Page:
Though they have some idea about Hindutva mobilisation, they never examined the OBC question seriously. They never allowed caste-conscious leadership to grow within the Communist parties. If one is not caste conscious, one cannot assess the caste system. There is no intelligential with them from these forces that could gauge the national OBC mind in these elections.
Communists the world over — except to some extent in China — failed to re-work their party structures so that they could re-position themselves based on the people’s needs. In India they could not match the Congress or the BJP in political adaptability. Though the Congress was seen as a left-of-centre party and the Communists had good and bad relations with it, they could not become an alternative to it.
The other problem is that they do not take any new proposition seriously and refuse to learn from experience, even their own. They do not believe that experience in itself could be the basis of analysing a society. Three decades ago this problem was much more serious in the Jan Sangh/BJP, but they reconciled with the caste question and promoted OBC leadership. Mr Narendra Modi is a byproduct of that reconciliation.
Though the Communists keep talking that change is dialectical, when we observe the global, more so the Indian Communist leaders and ideologues, their death wish seems to be deterministic. Since they dreamt only about revolution, they didn’t focus on reform. But have not brought about a revolution and are not likely to, and they do not reconcile with reform.
The Communists have not produced their own icons, neither have they negotiated with icons born and grown outside their fold. For example, they could have easily negotiated with Mahatma Phule and B.R. Ambedkar, as they emerged as national symbols of anti-caste movements across the country, but they did not. Look at the way the BJP negotiated with the icon of Sardar Vallabhbhai Patel.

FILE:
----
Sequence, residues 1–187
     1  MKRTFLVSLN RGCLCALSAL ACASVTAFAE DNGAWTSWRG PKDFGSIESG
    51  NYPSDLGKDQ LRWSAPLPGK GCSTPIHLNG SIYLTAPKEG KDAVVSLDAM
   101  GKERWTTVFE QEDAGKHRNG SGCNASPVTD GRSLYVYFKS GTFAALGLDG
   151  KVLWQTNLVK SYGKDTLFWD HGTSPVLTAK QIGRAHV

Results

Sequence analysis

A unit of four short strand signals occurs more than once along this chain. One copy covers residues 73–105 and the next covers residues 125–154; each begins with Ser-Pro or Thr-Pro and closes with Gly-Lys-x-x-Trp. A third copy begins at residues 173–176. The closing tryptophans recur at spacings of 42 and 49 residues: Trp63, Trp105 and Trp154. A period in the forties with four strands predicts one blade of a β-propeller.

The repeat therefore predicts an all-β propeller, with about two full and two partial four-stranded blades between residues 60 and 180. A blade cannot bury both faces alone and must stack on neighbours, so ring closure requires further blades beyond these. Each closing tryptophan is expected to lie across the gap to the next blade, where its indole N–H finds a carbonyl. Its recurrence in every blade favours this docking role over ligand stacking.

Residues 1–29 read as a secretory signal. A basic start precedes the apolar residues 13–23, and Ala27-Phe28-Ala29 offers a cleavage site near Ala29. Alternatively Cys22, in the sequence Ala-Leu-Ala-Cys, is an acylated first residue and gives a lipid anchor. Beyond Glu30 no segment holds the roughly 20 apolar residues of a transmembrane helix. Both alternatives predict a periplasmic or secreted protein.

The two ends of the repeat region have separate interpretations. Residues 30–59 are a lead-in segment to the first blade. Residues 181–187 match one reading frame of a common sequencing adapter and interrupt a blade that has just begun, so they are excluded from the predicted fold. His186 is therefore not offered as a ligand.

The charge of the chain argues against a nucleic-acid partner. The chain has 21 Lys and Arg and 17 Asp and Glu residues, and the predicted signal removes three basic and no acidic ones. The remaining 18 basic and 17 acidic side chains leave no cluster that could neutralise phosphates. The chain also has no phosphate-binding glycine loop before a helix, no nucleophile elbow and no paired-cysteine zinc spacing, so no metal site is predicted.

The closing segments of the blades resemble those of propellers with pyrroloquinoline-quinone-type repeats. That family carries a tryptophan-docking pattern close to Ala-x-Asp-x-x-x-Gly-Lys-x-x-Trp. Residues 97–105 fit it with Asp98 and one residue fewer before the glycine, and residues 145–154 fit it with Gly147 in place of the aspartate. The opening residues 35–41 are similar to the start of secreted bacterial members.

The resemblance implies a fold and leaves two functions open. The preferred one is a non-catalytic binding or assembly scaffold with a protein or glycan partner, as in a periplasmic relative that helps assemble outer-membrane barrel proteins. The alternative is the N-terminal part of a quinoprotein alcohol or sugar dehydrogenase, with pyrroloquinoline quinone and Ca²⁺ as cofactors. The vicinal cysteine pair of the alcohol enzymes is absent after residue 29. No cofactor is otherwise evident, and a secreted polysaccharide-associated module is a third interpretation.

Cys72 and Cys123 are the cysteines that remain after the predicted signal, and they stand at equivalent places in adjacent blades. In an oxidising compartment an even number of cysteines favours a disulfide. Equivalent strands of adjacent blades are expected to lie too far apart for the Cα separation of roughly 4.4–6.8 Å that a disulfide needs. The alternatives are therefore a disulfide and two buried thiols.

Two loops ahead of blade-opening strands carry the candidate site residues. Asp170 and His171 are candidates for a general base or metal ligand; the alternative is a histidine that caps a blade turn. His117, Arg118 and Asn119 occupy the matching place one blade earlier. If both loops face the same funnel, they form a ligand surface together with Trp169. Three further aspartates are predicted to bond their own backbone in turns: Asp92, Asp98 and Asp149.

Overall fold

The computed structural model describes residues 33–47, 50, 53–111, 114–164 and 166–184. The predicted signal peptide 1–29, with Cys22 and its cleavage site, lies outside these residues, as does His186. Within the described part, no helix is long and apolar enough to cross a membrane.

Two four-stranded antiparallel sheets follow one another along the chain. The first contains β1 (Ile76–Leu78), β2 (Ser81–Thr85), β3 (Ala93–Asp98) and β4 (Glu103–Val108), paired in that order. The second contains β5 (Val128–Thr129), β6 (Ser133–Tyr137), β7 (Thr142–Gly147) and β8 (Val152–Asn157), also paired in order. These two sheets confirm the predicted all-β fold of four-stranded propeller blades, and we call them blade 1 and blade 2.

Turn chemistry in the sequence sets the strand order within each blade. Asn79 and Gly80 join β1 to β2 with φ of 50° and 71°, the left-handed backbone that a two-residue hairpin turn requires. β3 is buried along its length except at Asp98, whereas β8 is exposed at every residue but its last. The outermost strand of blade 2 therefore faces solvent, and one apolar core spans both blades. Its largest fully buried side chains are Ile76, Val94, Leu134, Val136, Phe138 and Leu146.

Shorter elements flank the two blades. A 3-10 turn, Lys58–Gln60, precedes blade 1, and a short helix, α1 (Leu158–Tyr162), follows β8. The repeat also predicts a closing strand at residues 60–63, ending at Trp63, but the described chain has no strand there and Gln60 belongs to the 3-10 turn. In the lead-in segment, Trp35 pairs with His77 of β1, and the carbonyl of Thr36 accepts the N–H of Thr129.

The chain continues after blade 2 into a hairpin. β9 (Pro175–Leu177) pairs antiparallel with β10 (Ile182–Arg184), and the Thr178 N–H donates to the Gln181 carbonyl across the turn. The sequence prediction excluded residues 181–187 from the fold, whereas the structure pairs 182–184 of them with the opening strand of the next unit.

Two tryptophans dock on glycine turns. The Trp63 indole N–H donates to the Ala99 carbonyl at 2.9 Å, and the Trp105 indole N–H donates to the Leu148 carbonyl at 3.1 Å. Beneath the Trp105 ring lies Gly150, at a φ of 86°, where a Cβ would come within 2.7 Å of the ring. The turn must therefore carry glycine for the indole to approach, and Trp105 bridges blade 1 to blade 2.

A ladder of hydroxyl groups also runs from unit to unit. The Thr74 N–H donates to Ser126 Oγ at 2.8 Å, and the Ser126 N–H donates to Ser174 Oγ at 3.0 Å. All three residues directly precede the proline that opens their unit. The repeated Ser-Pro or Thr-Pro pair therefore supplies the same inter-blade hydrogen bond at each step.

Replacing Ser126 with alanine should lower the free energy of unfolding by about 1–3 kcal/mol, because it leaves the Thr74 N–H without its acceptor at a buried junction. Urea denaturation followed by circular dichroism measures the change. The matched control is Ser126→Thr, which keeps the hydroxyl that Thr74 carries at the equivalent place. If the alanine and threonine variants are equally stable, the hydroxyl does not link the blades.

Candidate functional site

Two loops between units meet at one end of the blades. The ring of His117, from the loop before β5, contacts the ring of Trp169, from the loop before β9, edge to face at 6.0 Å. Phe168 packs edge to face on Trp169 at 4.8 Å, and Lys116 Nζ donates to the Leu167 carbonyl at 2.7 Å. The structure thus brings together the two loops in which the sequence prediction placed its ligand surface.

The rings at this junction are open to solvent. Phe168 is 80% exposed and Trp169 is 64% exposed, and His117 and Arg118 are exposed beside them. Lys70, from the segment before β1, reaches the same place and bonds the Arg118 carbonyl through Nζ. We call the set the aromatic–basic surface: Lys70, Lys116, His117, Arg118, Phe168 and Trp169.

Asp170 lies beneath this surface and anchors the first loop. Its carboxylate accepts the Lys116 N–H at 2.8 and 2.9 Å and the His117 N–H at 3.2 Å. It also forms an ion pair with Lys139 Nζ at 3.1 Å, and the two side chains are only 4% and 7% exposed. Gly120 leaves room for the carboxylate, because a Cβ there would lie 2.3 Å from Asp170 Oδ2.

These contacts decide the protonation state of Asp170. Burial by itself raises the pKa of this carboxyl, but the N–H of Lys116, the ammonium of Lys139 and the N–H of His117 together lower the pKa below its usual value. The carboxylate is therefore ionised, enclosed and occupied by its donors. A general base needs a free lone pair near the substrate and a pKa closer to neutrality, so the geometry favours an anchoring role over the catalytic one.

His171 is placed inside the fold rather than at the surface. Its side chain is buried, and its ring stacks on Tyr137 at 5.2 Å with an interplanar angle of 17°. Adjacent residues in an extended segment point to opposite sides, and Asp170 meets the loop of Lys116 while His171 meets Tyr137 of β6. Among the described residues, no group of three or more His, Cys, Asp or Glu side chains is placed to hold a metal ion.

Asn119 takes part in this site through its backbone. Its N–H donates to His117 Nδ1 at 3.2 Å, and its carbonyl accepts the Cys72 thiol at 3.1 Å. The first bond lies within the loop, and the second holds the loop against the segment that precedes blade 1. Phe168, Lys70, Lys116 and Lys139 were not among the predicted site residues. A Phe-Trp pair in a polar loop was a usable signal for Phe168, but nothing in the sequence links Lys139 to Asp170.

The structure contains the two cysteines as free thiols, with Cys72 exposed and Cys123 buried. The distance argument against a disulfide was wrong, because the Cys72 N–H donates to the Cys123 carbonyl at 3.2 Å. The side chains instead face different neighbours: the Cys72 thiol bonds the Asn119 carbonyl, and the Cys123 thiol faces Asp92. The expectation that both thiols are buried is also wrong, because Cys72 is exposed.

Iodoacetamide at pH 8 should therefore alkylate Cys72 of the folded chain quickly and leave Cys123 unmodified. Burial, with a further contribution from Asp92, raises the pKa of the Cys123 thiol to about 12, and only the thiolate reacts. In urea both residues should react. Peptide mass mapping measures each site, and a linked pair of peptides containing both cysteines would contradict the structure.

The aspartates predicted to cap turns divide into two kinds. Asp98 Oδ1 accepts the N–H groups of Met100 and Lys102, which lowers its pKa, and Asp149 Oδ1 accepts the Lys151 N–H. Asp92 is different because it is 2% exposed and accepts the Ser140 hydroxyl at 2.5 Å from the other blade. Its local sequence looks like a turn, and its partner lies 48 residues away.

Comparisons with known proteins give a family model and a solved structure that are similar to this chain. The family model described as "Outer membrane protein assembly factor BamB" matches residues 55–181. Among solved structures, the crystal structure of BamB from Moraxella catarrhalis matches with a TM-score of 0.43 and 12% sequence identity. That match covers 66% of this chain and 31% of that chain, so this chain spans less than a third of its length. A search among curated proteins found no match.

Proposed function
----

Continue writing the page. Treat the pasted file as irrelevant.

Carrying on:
Can they sell their icons like E.M.S. Namboodiripad or Jyoti Basu or Shripad Amrit Dange outside their party fold? Perhaps the only iconic image that could be sold all over India is that of Puchalapalli Sundaraiah, a leader of the peasants revolt in former Hyderabad, called the Telangana Rebellion. But there is no agreed propaganda across the country around his personality that could attract people from all walks of life.
The Communist failure in understanding the Indian mass psyche is deep and deadly. There is no way for people to engage with Communist leaders from liberal-democratic space because they do not believe in inclusive political discourse. Their language is stoic; their symbols — at best red flag, hammer and sickle — are completely outmoded; the current crop of leaders are uninspiring. If a leader does not make a speech or write an article that makes people outside their party think, that is bad leadership to say the least. They also do not want to experiment with new leaders from different social backgrounds, experience and ideas. Their present position makes one think that they are on suicidal course.
The writer is director, Centre for the Study of Social Exclusion and Inclusive Policy, Maulana Azad National Urdu University, Hyderabad